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Seven values of the Masorti (Conservative) Movement

Why do we choose to be Masortim?

In our Temple affiliation, we rarely find ourselves faced with the situation of choosing which Movement within Judaism we identify with. Normally, we go to the synagogue where our parents attended or we pick the one we feel our children will be most comfortable in because more children or school friends already belong to it.

The ongoing Jewish life then either shows us some identification with our selection or confronts us with the inequalities of our feelings, as we live each tefilah or community event that we take part of.

Rabbi Ismar Schorsch, former Rector of the JTS (Jewish Theological Seminary of America), the rabbinical training school in New York City, described in 7 points what he considered a summary of the core values ​​of the Conservative or Masorti Movement. I will now share an interpretive summary about those 7 points.

1. The Centrality of Modern Israel

For Conservative Jews as well as for their ancestors, Israel is not only the cradle of the Jewish people, but also its final destination. Sacred texts, historical experience, and liturgical memory have come together to make it for the Jews, in Prophet Ezekiel's words, "the fairest of all lands (20:6)."

Thus, it is understood that there must be a constant commitment for the support of the State of Israel and a pledge to disseminate and educate practical Zionism without a political agenda and to also educate and promote the bond of our children, youth and adults with Eretz Israel.

2. Hebrew: The Irreplaceable Language of Jewish Expression

Hebrew is the irreplaceable language of Jewish expression and is the second core value of Conservative Judaism. It is coexistent with the Jewish people and the many layers of language are a mirror of the cultures in which the Jews perpetuated Judaism. It was never just a vehicle of communication. It is part of the fabric and texture of Judaism. Hebrew words vibrate with religious meaning, moral values and literary associations.

Keeping Hebrew alive within the tefilah and in our daily expressions maintains the roots between the People, wherever they are, and their origins, as well as access to sources in their original language, avoiding tendentious interpretations in certain translations.

3. Devotion to the Ideal of Klal Israel

It is the seamless totality of Jewish existence and the fundamental importance of each individual Jew. In the consciousness of Conservative Judaism, the statement of chaverim kol Israel (all Israel is united in brotherhood) still resonates—despite all the dispersion, dichotomies and politicization that history has jostled upon us, the Jews remain united in a tenacious pilgrimage of universal significance.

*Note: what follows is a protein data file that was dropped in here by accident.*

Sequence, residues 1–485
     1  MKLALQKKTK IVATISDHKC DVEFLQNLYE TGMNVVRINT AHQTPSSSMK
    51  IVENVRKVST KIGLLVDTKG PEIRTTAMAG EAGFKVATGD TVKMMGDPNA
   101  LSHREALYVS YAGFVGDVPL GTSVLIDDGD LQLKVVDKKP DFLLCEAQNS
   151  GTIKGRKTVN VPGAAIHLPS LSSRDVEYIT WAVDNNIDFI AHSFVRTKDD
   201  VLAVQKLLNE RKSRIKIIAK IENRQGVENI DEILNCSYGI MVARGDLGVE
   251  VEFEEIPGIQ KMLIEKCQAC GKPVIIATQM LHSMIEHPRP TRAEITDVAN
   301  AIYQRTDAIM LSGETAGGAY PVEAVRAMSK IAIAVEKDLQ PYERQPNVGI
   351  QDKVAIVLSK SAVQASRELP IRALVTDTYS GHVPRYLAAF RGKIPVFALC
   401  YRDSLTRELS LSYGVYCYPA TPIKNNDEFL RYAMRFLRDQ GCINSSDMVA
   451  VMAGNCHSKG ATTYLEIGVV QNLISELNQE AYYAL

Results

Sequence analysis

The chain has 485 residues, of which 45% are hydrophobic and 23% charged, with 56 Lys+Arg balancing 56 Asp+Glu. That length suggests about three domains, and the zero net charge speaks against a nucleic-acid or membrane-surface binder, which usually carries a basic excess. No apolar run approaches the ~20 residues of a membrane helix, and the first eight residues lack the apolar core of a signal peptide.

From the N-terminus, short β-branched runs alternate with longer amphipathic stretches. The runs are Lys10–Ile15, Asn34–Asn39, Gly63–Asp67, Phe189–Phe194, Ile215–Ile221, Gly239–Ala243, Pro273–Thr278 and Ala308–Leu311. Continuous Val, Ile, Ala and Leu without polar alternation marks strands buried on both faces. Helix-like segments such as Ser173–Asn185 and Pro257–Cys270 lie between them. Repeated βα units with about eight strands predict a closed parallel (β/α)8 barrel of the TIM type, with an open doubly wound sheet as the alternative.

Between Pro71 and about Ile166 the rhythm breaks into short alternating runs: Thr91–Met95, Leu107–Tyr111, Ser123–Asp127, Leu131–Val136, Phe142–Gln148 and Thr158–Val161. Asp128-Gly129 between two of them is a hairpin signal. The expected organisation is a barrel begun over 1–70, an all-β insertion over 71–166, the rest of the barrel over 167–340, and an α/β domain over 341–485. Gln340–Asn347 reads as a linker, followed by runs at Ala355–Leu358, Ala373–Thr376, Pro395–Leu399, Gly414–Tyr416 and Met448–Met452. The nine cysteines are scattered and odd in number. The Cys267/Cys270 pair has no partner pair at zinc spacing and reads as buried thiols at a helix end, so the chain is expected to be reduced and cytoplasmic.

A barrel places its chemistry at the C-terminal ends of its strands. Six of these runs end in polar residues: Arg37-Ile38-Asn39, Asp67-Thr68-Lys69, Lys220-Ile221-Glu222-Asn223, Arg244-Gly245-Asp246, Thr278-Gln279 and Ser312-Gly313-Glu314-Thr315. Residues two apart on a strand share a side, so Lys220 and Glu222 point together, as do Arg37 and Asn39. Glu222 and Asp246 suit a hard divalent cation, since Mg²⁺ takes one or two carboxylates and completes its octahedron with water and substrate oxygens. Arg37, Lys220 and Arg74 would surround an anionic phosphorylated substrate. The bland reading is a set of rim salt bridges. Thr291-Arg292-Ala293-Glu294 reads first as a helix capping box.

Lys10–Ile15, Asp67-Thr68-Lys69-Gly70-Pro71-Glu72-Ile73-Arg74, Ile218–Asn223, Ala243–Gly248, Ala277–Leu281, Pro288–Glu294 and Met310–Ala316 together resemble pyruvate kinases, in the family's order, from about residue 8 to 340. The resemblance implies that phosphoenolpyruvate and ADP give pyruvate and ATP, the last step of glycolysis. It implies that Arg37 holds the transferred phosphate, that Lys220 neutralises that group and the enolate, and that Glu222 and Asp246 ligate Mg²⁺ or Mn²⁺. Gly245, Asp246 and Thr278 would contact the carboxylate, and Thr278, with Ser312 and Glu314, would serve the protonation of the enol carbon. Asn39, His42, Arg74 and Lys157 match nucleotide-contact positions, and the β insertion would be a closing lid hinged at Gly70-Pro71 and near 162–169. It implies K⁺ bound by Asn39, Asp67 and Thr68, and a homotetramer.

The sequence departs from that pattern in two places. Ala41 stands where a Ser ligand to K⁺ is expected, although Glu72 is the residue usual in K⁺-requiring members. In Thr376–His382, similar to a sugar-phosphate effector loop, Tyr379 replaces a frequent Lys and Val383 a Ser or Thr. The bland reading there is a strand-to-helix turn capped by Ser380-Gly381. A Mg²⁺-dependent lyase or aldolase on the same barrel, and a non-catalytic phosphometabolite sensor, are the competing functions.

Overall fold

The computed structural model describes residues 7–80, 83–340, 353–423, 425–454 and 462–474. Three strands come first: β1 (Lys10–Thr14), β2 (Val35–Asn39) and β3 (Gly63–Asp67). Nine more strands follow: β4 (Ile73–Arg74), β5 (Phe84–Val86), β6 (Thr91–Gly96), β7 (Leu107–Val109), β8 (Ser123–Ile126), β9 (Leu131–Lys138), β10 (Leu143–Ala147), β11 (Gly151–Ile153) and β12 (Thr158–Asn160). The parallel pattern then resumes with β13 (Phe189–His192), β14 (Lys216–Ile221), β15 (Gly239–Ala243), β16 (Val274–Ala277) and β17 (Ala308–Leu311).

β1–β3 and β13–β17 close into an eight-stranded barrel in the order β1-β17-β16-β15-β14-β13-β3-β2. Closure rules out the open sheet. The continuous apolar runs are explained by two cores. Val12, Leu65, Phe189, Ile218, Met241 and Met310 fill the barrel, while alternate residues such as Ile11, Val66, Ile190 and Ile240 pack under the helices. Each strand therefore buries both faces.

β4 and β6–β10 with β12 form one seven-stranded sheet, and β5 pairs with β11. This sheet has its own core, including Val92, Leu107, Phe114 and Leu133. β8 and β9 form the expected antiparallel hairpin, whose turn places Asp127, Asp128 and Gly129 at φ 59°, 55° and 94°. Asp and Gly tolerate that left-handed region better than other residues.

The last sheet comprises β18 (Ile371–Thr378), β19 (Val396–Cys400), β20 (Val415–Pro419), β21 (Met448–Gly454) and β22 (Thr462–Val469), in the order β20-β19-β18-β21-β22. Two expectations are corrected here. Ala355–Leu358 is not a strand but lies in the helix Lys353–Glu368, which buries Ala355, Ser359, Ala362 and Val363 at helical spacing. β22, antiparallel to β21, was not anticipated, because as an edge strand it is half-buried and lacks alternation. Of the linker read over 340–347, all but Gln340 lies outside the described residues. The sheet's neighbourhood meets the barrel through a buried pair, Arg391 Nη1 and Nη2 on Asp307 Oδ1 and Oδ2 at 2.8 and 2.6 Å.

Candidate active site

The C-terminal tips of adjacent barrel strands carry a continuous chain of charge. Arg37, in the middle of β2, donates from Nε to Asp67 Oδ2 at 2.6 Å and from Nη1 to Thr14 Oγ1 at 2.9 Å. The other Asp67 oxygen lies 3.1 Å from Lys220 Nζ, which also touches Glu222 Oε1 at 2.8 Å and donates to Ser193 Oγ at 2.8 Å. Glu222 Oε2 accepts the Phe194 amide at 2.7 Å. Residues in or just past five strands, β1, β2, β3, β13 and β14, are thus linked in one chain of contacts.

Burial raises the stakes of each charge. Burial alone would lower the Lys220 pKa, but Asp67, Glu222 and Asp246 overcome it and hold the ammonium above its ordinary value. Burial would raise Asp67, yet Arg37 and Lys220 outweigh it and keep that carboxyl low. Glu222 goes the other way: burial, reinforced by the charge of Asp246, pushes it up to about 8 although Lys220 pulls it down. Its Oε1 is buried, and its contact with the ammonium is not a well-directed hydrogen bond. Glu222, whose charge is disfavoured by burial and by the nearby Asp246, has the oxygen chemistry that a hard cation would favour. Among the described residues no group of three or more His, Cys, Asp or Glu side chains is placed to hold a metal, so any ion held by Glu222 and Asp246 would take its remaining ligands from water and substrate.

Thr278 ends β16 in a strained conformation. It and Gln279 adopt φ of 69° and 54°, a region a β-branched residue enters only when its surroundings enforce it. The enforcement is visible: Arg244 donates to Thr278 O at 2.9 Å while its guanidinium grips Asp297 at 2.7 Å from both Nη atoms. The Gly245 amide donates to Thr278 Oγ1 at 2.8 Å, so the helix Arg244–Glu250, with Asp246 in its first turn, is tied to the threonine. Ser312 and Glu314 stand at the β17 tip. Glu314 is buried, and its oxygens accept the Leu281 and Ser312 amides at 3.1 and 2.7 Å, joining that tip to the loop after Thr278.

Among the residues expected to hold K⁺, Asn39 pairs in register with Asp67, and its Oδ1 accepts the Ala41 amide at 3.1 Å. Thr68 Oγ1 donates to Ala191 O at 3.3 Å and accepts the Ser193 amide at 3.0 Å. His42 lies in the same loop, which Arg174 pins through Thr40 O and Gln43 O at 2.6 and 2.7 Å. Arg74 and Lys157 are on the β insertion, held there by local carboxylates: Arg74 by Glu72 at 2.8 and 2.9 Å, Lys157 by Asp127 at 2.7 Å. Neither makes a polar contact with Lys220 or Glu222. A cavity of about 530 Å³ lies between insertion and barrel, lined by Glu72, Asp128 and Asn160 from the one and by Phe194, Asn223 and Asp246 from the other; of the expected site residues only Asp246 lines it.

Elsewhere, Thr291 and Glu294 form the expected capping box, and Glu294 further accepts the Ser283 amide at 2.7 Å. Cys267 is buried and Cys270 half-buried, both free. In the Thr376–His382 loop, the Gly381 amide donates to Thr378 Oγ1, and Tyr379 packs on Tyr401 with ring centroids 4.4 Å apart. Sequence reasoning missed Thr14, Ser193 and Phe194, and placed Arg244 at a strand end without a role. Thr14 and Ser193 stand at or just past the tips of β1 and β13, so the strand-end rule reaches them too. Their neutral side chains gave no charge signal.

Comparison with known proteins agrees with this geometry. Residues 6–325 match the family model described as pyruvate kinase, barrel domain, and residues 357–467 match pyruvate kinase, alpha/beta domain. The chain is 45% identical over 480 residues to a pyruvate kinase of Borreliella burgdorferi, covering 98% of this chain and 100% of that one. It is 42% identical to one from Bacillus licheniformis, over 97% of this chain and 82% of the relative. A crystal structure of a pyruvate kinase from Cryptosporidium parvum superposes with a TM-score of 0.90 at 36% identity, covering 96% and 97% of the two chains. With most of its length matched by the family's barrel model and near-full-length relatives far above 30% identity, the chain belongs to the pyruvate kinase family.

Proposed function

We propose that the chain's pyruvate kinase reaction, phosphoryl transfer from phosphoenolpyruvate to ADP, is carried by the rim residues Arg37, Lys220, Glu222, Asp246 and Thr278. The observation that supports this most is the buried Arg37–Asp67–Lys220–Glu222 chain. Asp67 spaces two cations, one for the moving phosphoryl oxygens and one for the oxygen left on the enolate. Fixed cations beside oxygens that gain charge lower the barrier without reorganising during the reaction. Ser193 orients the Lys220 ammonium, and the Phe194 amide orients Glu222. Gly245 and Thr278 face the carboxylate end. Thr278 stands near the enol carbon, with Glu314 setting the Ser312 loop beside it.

This admirable commitment to the well-being of the whole does not come from any special ethnic origin, but from the awareness of belonging to the People of Israel beyond any of those origins, struggling for equal conditions, rights and privileges.

We respect the verdict of the rabbinical courts in all decisions and regarding conversions (giurim), we commit ourselves to respect and include as Yehudi lechol Davar, a Full Jew, those who approach Judaism from the heart, with responsibility to the mitzvot and with the acceptance of Ol Malchut Shamaim (the yoke of the Kingdom of Heaven).

4. The Defining Role of the Torah in the Restructuring of Judaism

After the loss of political sovereignty in 63 B.C.E. and of the Second Temple in 70 C.E. at the hands of the Romans, the Rabbis turned the Torah into a portable homeland, the synagogue into a national theater for religious drama and study into a form of worship. The Torah is the foundation of Judaism, the apex of an inverted pyramid of infinite commentary, not only because it is divine, but because it is sacred, meaning that the Torah was adopted by the Jewish people as a spiritual source. The feeling of individual obligation, of being commanded does not derive only from divine authority, but for those who are more questioning or rebellious, communal consent is added. The Written Torah, no less than the Oral Torah, resonates with the divine-human encounter; we take a pasuk (verse) that has inspired us for more than two thousand years—"lo bashamayim hi”—, which means that the Torah is no longer in heaven and we understand that it was given to us for a respectful interpretation aware of traditions, halachah and deep study.

5. Torah Study